DETROIT – When the word reached the Orion Assembly Plant, it spread along the assembly line like news of a death or natural disaster: General Motors, the biggest automaker in the world, had filed for bankruptcy protection.
On that grim day in 2009, Chevrolet and Pontiac sedans kept rolling down the line. And 1,700 worried workers stayed at their stations even as GM announced it would close the plant in a desperate bid to survive.
“The unknown was the scariest part,” recalled Gerald Lang, who had worked at Orion for two years. “We really had no clue what was going to happen.”
There was something else that the workers didn’t know: They were witnessing the opening act of one of the greatest recovery stories in American business.
Nearly four years later, Chevrolets are still moving down the assembly line. Lang and his co-workers now build the Sonic, the best-selling subcompact car in the nation. It’s a vehicle no one thought could be made profitably in the U.S., by a company that few people thought would last.
But GM has not only survived, it has earned $16 billion in profits in the past three years.
Detroit’s comeback is the work of many: President George W. Bush, who authorized the first bailout loans; President Barack Obama, who made more loans; workers who took lower wages and focused more on quality to compete with foreign rivals; and executives and designers who developed better cars.
There were victims: shareholders, auto-parts makers and other suppliers who went out of business, and taxpayers who will never get all their money back.
But there is no denying that American carmakers have made a remarkable recovery. Nearly 790,000 people now have jobs building cars, trucks and parts, up 27 percent from 2009. The story of the Sonic shows how they got there.
The collapse of the industry in 2008 nearly put GM and Chrysler out of business and cost Ford billions of dollars. As GM and Chrysler careened toward bankruptcy, President Bush stepped in, loaning them $17.4 billion. But sales remained in a free fall.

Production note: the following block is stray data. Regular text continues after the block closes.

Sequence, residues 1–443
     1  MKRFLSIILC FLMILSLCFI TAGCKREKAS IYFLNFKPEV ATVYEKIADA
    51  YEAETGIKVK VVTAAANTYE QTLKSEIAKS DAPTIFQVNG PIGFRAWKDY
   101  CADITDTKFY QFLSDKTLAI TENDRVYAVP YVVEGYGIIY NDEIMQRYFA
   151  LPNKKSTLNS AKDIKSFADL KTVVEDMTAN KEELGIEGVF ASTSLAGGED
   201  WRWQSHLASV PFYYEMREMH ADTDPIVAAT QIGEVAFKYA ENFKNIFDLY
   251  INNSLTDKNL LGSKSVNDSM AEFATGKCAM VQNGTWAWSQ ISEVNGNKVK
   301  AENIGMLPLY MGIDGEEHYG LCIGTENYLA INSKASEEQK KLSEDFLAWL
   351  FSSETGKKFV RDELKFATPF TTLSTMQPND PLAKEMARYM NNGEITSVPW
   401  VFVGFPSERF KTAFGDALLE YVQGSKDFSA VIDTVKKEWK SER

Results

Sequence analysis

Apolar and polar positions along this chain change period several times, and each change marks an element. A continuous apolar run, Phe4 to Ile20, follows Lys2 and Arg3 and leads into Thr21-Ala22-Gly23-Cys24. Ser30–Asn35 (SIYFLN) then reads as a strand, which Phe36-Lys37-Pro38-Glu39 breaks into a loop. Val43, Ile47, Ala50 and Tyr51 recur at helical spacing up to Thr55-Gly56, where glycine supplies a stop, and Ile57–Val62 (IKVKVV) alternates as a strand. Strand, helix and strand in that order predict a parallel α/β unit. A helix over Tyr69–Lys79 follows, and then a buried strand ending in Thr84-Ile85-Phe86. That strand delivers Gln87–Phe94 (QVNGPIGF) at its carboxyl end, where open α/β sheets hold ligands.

Orion Township’s chief executive, Matt Gibb, got a call from Ed Montgomery, President Obama’s auto-recovery czar, telling him the plant, the township’s largest employer, was on a secret list of GM factories to be closed.
GM, meanwhile, was drowning, even with loans from the government. On June 1, 2009, it became the largest American industrial company ever to file for Chapter 11 bankruptcy protection. As lawyers for GM and its creditors fought in court over scraps of the company, Orion’s second chance emerged.
In exchange for its $50 billion bailout, GM agreed to build a tiny car known as the Sonic at one of the U.S. plants it was closing. It chose the Orion factory. But the plant had to shut down for more than a year to be revamped.
There was another obstacle. GM and the United Auto Workers had to figure out how to cut labor costs at the plant.
GM couldn’t make money building the Sonic at Orion without an immediate influx of lower-wage workers. So the union and GM came up with an unprecedented solution: 40 percent of Orion workers would be paid in a new, lower wage structure, as opposed to a maximum of 25 percent at other factories.
Early in 2010, Americans began returning to car dealerships. Sales were nowhere near pre-recession levels, but they were enough for GM to celebrate its first quarterly profit in three years.
As winter ended, GM delivered on its promise to invest at Orion. Crates of robot arms, carts and conveyor parts arrived, filling what had been a vast open space just a few months earlier.
The first Sonic, a white hatchback, rolled out of the factory in August 2011.
GM is confident the Sonic will soon turn a profit, largely because workers at Orion keep finding ways to cut costs. A team in the body shop recently suggested a small fix in the plant’s machinery. It reduces the amount of steel going to the scrap heap.
“We recognize that we’ve got to work together as partners, because we’re going to succeed or fail together,” Orion Plant Manager Steve Brock said.